California Penal Code Section 3041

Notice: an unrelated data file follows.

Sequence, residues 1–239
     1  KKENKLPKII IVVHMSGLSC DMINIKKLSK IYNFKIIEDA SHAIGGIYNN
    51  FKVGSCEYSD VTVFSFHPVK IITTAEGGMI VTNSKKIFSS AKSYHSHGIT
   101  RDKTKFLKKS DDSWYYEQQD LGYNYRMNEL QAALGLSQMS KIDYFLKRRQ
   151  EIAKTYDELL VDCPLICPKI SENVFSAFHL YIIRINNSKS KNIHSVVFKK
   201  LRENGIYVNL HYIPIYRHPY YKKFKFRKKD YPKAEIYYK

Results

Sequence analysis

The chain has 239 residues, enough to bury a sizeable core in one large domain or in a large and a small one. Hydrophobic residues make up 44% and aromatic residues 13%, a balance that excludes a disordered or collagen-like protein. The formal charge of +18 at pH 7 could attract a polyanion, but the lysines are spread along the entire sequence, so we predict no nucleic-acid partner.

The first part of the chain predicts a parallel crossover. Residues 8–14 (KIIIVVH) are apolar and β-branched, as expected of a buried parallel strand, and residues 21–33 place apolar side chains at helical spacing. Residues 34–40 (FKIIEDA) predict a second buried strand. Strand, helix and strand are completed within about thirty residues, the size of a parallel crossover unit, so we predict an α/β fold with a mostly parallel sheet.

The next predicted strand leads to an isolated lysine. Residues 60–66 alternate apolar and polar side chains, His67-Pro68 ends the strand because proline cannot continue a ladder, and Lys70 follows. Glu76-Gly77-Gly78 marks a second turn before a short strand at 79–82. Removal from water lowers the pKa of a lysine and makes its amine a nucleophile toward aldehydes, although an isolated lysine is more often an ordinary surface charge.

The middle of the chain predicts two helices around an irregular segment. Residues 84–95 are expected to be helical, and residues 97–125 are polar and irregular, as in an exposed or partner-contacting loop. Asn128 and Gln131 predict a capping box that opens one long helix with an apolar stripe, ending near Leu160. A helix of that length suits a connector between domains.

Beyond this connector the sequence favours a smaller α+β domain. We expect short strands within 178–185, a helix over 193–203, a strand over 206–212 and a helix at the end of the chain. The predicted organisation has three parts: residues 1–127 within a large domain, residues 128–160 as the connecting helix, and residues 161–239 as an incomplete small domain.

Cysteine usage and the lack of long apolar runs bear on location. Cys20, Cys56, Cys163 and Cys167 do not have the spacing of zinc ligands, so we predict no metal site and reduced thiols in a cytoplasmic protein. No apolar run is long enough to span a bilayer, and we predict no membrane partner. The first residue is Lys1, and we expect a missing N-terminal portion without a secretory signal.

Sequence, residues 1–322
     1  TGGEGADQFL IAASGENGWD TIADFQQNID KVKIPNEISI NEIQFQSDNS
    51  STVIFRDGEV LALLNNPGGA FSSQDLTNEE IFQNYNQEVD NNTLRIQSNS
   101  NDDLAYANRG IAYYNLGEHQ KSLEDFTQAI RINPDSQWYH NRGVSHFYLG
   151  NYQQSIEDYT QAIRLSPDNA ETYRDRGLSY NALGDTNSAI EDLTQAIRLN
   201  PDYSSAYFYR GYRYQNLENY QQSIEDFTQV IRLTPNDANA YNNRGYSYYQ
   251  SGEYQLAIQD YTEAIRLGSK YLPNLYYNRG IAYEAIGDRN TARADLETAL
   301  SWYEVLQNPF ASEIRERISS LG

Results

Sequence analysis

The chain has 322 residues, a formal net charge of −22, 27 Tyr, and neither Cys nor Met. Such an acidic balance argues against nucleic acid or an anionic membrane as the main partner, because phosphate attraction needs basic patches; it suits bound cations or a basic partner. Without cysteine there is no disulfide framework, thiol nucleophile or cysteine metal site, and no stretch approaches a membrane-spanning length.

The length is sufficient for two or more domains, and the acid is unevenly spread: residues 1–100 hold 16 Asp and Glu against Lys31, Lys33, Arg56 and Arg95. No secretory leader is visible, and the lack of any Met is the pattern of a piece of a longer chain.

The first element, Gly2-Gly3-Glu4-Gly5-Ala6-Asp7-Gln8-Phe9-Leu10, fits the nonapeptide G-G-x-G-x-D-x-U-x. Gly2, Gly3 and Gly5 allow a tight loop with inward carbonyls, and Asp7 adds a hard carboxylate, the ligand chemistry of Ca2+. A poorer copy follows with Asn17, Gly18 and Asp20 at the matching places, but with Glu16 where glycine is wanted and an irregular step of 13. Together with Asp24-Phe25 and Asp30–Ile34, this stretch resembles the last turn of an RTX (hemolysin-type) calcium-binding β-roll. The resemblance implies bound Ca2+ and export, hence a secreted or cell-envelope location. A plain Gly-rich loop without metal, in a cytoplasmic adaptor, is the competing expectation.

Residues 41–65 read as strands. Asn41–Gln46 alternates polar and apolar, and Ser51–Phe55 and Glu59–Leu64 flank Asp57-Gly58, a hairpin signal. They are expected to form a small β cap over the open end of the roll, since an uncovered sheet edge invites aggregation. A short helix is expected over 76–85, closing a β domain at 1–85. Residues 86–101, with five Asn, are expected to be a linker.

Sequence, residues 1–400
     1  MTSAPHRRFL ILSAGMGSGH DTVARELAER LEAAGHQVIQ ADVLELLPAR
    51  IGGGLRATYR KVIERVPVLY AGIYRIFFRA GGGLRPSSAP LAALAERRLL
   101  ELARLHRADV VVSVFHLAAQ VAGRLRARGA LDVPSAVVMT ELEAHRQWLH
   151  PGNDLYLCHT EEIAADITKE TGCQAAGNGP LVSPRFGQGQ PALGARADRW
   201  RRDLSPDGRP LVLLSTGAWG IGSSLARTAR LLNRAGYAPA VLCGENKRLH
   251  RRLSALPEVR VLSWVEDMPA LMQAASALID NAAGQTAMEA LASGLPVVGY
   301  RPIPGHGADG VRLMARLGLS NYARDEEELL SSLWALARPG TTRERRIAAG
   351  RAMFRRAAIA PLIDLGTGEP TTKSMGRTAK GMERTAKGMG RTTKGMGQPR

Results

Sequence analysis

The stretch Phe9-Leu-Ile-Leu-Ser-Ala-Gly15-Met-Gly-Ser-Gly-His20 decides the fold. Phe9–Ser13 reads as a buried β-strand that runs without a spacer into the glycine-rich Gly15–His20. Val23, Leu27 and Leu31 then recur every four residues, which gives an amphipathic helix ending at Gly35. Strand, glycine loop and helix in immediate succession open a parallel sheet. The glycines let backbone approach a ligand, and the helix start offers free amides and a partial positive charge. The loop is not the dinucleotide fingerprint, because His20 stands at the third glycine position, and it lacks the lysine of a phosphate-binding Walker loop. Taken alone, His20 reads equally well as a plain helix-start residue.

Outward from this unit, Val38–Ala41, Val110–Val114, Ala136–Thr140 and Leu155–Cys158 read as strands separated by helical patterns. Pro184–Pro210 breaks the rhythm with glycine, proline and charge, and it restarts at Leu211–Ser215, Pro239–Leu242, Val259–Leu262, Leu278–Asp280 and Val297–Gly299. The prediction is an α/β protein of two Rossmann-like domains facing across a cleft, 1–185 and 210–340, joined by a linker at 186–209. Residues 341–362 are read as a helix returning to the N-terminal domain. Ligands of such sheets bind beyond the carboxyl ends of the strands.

Penal Code section 3041, subdivision (a), provides, "One year prior to the inmate's minimum eligible parole release date a panel of two or more commissioners or deputy commissioners shall again meet with the inmate and shall normally set a parole release date as provided in Section 3041.5. . . . The release date shall be set in a manner that will provide uniform terms for offenses of similar gravity and magnitude with respect to their threat to the public, and that will comply with the sentencing rules that the Judicial Council may issue and any sentencing information relevant to the setting of parole release dates. The board shall establish criteria for the setting of parole release dates and in doing so shall consider the number of victims of the crime for which the inmate was sentenced and other factors in mitigation or aggravation of the crime." Notwithstanding the breadth of that discretion, however, Penal Code section 3041, which governs the substance and procedure for the Board's parole release decisions, creates a cognizable liberty interest in parole protected by the due process clause of the California Constitution. (Cal. Const., art. I, 7, subd. (a); In re Lawrence, (2008) 44 Cal.4th 1181, 1205 (Lawrence) "the judiciary is empowered to review a decision by the Board or the Governor to ensure that the decision reflects 'an individualized consideration of the specified criteria' and is not 'arbitrary and capricious'".) As the California Supreme Court and Courts of Appeal have repeatedly stated in decisions reviewing denials of parole by the Board or the Governor, the purpose of parole is to help prisoners "reintegrate into society as constructive individuals as soon as they are able," without being confined for the full term of their sentence. (Morrissey v. Brewer (1972) 408 U.S. 471, 477.) Parole release decisions are essentially discretionary; they "entail the Board's attempt to predict by subjective analysis" the inmate's suitability for release on parole. (In re Rosenkrantz (2002) 29 Cal.4th 616, 655 (Rosenkrantz).) That prediction requires analysis of individualized factors on a case-by-case basis, and the Board's (and, ultimately, the Governor's) discretion in that regard is "'"almost unlimited."'" (Ibid.) As an inmate's minimum eligible parole release date approaches, Penal Code section 3041, subdivision (b), requires the Board to set a release date "unless it determines . . . that consideration of the public safety requires a more lengthy period of incarceration for this individual, and that a parole date, therefore, cannot be fixed." In making its decision the Board must consider all relevant, reliable information. Factors tending to indicate suitability include: (1) the absence of a juvenile record, (2) stable social history, (3) signs of remorse, (4) significant life stress motivated the crime, (5) battered woman syndrome, (6) no significant history of violent crime, (7) inmate's age, (8) realistic plans for the future, and (9) institutional behavior. (Cal. Code Regs., tit. 15; 2402, subd. (d).) Circumstances tending to show unsuitability include: (1) commitment offense was committed "in an especially heinous, atrocious or cruel manner," (2) previous record of violence, (3) unstable social history, (4) sadistic sexual offenses, (5) psychological factors, and (6) serious misconduct while incarcerated. (Cal. Code Regs., tit. 15; 2402, subd. (c).) The regulation specifies the factors to be considered in determining whether the offense was committed in an especially heinous, atrocious or cruel manner as: "(A) Multiple victims were attacked, injured or killed in the same or separate incidents.(B) The offense was carried out in a dispassionate and calculated manner, such as an execution-style murder.(C) The victim was abused, defiled or mutilated during or after the offense.(D) The offense was carried out in a manner which demonstrates an exceptionally callous disregard for human suffering.(E) The motive for the crime is inexplicable or very trivial in relation to the offense." (Cal. Code Regs., tit. 15; 2402, subd. (c)(1).) In exercising its discretion, the Board "must consider all relevant statutory factors, including those that relate to postconviction conduct and rehabilitation." (Lawrence, supra, 44 Cal.4th at p. 1219.) "It is not the existence or nonexistence of suitability or unsuitability factors that forms the crux of the parole decision; the significant circumstance is how those factors interrelate to support a conclusion of current dangerousness to the public." (Id. at p. 1212.) The Board (or the Governor) can, of course, rely on the aggravated circumstances of the commitment offense as a reason for finding an inmate unsuitable for parole; however, "the aggravated nature of the crime does not in and of itself provide some evidence of current dangerousness to the public unless the record also establishes that something in the prisoner's pre- or post-incarceration history, or his . . . current demeanor and mental state, indicates that the implications regarding the prisoner's dangerousness that derive from his . . . commission of the commitment offense remain probative to the statutory determination of a continuing threat to public safety." (Lawrence, supra, 44 Cal.4th at p. 1214.) A prisoner's lack of insight into his or criminal behavior or failure to take responsibility may provide the required nexus between the commitment offense and the prisoner's current dangerousness. (Lawrence, supra, 44 Cal.4th at p. 1228 "in some cases, such as those in which the inmate has . . . shown a lack of insight or remorse, the aggravated circumstances of the commitment offense may well continue to provide 'some evidence' of current dangerousness"; In re Shaputis (2008) 44 Cal.4th 1241, 1261, fn. 20 "petitioner's failure to take full responsibility for past violence, and his lack of insight into his behavior, establish that the circumstances of petitioner's crime and violent background continue to be probative to the issue of his current dangerousness"; see In re Rozzo (2009) 172 Cal.App.4th 40, 62, fn. 9 "evidence that demonstrates a prisoner's insight, or lack thereof, into the reasons for his commission of the commitment offense is relevant to a determination of the prisoner's suitability for parole".) Once the Board sets a parole date, the California Constitution empowers the Governor to review the parole decision of an inmate who has been convicted of murder and sentenced to an indeterminate prison term. (Cal. Const., art. V, 8, subd. (b).) The Governor's decision to affirm, modify or reverse the decision of the Board rests on the same factors that guide the Board's decision (ibid.) and must be based on "materials provided by the parole authority." (Pen. Code, 3041.2, subd. (a).) "Although these provisions contemplate that the Governor will undertake an independent, de novo review of the prisoner's suitability for parole, the Governor's review is limited to the same considerations that inform the Board's decision." (Rosenkrantz, supra, 29 Cal.4th at pp. 660-661.)